We begin the New Year with a new release of SeaTable: Version 1.6 has been deployed today on https://cloud.seatable.io and will be made available on Docker Hub shortly. The new version is packed with new features and improvements. At first glance, you will spot two new column types and a redesigned column type selector. Upon closer inspection, you are going to find a host of other user interface improvements that have found their way into this new release. A lot of effort has also gone into improving the formula wizard. New functions, design improvements, and more detailed error messages lift the wizard to a whole new level.
In this release note, we highlight the most relevant and exciting changes in the new version. For the complete list of changes, consult - as always - SeaTable's Changelog.
Column type #19: duration
The duration column type is ideal for everyone that uses SeaTable for organizing and storing all sorts of time measurements such as completion times.
The duration column stores all duration inputs in seconds, but it can display the duration in either h:mm:ss or h:mm format. Additionally, if you don't want to enter the duration in the colon-separated format, you don't have to. SeaTable converts any numerical input automatically in the defined format. Integers and decimal numbers are both supported. This said, depending on the chosen format, the input is either interpreted as seconds or minutes in the case of h:mm:ss or h:mm, respectively. (Example: The input 235 yields 0:03:55 when formatted as h:mm:ss cell and 3:55 in a cell with h:mm format.)
And we didn't stop there: We have also expanded the format settings of the formula column, so that results can be displayed as a duration in either h:mm or h:mm:ss format too.
Column type # 20: email
The new email column type stores email addresses. When clicking on a cell filled with an address, your email app opens up, the email address is copied in To: and you can start typing your mail right away. Hence, it works in a similar fashion as the URL column introduced in SeaTable 1.4.
The real strength of the email column comes into play in web forms. When using an email field, the built-in validation makes sure that any respondent enters a valid email address. Accidental typos that render email addresses useless no longer exist.
Improved formula wizard
SeaTable 1.6 introduces five new functions: date(), datedif(), eomonth(), months() and ifs(). The first four facilitate and improve the organization and handling of dates in SeaTable. The date() function computes for any given date the serial number that Microsoft Excel would use for storing the date. datedif(), short for date difference, calculates the difference between two dates. eomonth(), short for end of month, returns the last day of the month specified in the given date. Optionally, a certain number of months can be added. months() computes the number of full months between two dates. ifs() nests a combination of if functions.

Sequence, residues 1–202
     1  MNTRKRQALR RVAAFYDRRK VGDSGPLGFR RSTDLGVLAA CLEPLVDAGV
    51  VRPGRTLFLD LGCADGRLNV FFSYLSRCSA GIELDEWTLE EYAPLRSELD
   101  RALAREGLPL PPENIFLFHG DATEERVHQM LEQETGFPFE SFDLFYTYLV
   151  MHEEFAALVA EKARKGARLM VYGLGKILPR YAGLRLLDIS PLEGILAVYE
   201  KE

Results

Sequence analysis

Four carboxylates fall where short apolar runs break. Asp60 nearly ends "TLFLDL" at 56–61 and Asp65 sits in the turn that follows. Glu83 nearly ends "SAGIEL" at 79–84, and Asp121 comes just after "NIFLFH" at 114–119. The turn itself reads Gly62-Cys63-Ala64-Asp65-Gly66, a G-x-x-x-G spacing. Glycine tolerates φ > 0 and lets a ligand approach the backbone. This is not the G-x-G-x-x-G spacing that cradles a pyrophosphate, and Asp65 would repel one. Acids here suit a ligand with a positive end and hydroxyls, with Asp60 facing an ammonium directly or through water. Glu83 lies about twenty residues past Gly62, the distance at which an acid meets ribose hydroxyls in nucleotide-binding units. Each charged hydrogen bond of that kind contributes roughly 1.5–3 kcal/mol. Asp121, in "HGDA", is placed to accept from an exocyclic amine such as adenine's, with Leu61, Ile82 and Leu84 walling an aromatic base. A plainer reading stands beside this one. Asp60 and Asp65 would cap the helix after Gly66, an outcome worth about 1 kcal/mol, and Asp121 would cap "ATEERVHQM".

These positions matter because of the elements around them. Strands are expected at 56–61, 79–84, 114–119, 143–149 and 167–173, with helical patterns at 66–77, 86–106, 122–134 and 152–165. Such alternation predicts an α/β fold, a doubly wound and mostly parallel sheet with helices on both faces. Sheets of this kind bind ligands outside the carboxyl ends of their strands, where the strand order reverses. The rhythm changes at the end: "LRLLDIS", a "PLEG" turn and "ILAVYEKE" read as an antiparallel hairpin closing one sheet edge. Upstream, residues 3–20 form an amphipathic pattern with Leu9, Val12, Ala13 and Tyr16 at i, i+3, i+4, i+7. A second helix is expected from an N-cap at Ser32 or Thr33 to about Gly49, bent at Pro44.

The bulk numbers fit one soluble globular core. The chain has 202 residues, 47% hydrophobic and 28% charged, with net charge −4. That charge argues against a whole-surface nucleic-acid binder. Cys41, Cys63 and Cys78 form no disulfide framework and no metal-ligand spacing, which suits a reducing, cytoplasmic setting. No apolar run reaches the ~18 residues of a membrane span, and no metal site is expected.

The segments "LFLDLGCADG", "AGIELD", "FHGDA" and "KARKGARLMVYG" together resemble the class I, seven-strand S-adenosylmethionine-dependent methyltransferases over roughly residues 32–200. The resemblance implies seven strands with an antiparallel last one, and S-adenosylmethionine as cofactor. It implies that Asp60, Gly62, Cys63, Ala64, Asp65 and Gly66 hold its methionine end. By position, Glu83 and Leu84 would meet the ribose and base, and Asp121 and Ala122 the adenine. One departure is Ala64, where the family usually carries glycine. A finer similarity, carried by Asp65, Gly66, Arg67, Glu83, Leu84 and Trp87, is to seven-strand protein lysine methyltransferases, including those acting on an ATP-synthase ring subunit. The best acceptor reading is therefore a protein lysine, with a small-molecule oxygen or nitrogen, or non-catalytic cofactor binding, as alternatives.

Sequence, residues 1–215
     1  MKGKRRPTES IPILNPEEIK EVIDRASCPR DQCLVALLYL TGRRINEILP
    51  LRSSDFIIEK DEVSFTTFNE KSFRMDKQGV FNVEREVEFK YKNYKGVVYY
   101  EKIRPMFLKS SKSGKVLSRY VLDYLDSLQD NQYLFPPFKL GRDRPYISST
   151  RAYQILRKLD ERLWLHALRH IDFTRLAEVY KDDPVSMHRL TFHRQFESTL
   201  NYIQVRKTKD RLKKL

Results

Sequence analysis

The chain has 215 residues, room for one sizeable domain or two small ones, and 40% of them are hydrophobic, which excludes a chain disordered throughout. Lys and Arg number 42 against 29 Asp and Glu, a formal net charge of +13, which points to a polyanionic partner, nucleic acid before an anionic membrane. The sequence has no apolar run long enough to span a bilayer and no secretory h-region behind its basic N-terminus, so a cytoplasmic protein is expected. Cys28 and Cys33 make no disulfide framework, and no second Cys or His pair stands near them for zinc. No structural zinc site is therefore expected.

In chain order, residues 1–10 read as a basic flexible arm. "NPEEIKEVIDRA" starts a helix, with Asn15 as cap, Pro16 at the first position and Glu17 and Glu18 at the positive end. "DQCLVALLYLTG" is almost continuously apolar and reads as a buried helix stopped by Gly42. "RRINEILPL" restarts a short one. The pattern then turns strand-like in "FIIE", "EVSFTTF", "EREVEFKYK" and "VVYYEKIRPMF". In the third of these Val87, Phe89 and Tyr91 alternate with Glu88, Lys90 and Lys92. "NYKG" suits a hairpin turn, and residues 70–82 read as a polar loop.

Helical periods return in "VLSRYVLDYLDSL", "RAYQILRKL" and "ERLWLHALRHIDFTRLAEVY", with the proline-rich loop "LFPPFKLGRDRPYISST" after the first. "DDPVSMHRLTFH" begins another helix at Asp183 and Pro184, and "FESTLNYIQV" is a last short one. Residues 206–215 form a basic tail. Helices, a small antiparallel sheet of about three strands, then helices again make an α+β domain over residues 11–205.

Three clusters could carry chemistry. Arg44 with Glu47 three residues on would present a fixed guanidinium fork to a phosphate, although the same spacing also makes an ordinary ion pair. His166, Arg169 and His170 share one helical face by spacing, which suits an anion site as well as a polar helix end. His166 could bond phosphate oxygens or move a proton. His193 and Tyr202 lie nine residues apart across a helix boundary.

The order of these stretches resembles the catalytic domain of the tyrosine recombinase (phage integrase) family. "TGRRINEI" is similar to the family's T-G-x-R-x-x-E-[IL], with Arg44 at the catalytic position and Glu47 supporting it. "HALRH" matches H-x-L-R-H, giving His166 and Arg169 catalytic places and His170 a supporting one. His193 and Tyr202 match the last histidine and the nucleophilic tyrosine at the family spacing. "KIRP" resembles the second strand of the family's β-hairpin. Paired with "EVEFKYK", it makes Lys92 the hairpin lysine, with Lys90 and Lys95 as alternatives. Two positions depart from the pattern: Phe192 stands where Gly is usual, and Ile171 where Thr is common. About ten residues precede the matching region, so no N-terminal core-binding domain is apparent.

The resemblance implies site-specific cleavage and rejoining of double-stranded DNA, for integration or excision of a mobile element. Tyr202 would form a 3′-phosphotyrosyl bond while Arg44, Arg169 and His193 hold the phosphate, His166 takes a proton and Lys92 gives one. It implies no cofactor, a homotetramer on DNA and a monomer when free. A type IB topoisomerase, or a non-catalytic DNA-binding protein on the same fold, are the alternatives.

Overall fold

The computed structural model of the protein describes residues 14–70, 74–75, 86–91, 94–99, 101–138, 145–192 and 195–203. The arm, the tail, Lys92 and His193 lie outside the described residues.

In addition to the new functions, the new wizard now also support the calculation with formulas in linked tables. More specifically, the result of a formula in one table can be used in a formula in another table. Previously, only uncalculated fields in other tables could be used in formulas.
The wizard was also subjected to some graphical modifications. Most importantly, the wizard is now a pop-over window (as opposed to a modal). This entails multiple advantages above and beyond the more appealing design: While the modal froze the background, the pop-over wizard does not block the scroll bars. Additionally, the pop-over does not cover the column header. Bottom line is that you can now scroll left and right, with the formula wizard opened up, and read off the titles of the column you need in your formula.
Last but not least, we have revised the wizard's feedback. "The formula is invalid" was the standard error message in the past when the formula syntax was not followed or a non-existing column was referenced. Now the feedback is much more specific and provides pragmatic guidance for correcting the formula.
SeaTable is not only a great tool to capture structured tabular data, but also to organize and manage unstructured data in the form of files and formatted text. Think of the images you insert in a cell of the multiline text type, or the documents you can upload to a base. All these attachments are stored by SeaTable in its storage backend.
With SeaTable 1.6 it is now possible to access this storage backend via the web interface. You can navigate through the stored files and delete individual objects from memory. To do this, simply hover over a base in the Bases library, then click the three-dot icon for advanced options, and finally select "Attachment Management" under "Advanced". Images and files are stored in separate folders named Images and Files.
Related to asset management, user can now access the trash bin where SeaTable keeps deleted bases for 30 days before purging them from the system. If a base was deleted unintentially or a user changes has a change of mind, the base can be recovered from trash and restored including all its snapshots.
Many other improvements
SeaTable 1.6 ships with many other improvements. Many address user interface and usability issues. This time, we also put an emphasis on SeaTable's print function.
Two known issues with the print preview have also been ironed out: Hiding a column in the table view did not remove the column from the row details and thus from the print view. Similarly, group labels weren't properly printed when the groups were formed by single / multiple select or link columns. With SeaTable 1.6, both are a thing of the past.